A Typeface Just for Dyslexia? — The Book Designer

I came across this article and found it utterly fascinating.  The implications are wide spread.

A Typeface Just for Dyslexics?

by Joel Friedlander on October 17, 2012 · 32 comments

…Wikipedia calls dyslexia “…a very broad term defining a learning disability that impairs a person’s fluency or comprehension accuracy in being able to read,” and says it can affect as many as 5 – 10% of any given population…studies have shown that special typefaces could make reading more accurate for people with dyslexia and, to his credit, Gonzalez decided to create a typeface that addressed these issues, and then make it available for free.

Designer Abelardo Gonzalez says this about his design:

Letters have heavy weighted bottoms to add a kind of ‘gravity’ to each letter, helping to keep your brain from rotating them around in ways that can make them look like other letters. Consistently weighted bottoms can also help reinforce the line of text. The unique shapes of each letter can help prevent flipping and swapping.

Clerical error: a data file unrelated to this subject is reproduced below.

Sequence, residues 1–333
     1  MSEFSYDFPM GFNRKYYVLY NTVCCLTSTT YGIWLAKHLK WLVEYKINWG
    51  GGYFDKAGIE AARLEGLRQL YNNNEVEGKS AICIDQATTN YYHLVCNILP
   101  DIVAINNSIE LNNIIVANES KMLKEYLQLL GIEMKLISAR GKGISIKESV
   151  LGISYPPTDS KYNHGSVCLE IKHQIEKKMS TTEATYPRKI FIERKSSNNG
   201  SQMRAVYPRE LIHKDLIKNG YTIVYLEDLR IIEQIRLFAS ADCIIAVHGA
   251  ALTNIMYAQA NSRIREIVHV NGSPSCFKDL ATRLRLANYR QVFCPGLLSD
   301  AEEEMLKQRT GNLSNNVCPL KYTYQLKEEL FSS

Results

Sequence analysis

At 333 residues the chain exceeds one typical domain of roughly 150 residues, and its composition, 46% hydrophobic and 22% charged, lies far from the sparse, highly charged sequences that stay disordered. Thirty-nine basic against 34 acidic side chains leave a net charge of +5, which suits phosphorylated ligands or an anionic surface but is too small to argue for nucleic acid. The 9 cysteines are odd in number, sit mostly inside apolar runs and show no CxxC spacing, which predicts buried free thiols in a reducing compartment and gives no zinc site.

Here’s a paragraph set in Adobe Minion Pro, 11 point.

Minion Pro

Here’s the same paragraph set in OpenDyslexic, 11 point.

Open Dyslexic

…Why wouldn’t all e-reader manufacturers make OpenDyslexic—or a similar font that has been shown to be helpful to people suffering from this disorder—available on all their readers?

It seems like the perfect way to use the flexibility of ereaders, with their ability—much to the chagrin of book designers—to change the font of any book in your library…

Read the entire article and get a download link for the font at:  A Typeface Just for Dyslexics? — The Book Designer.

I am always fascinated by simple, relatively low tech solutions for complex issues. If this is really helpful, I wold love to see it as a standard font option on all e-reader platforms.

 

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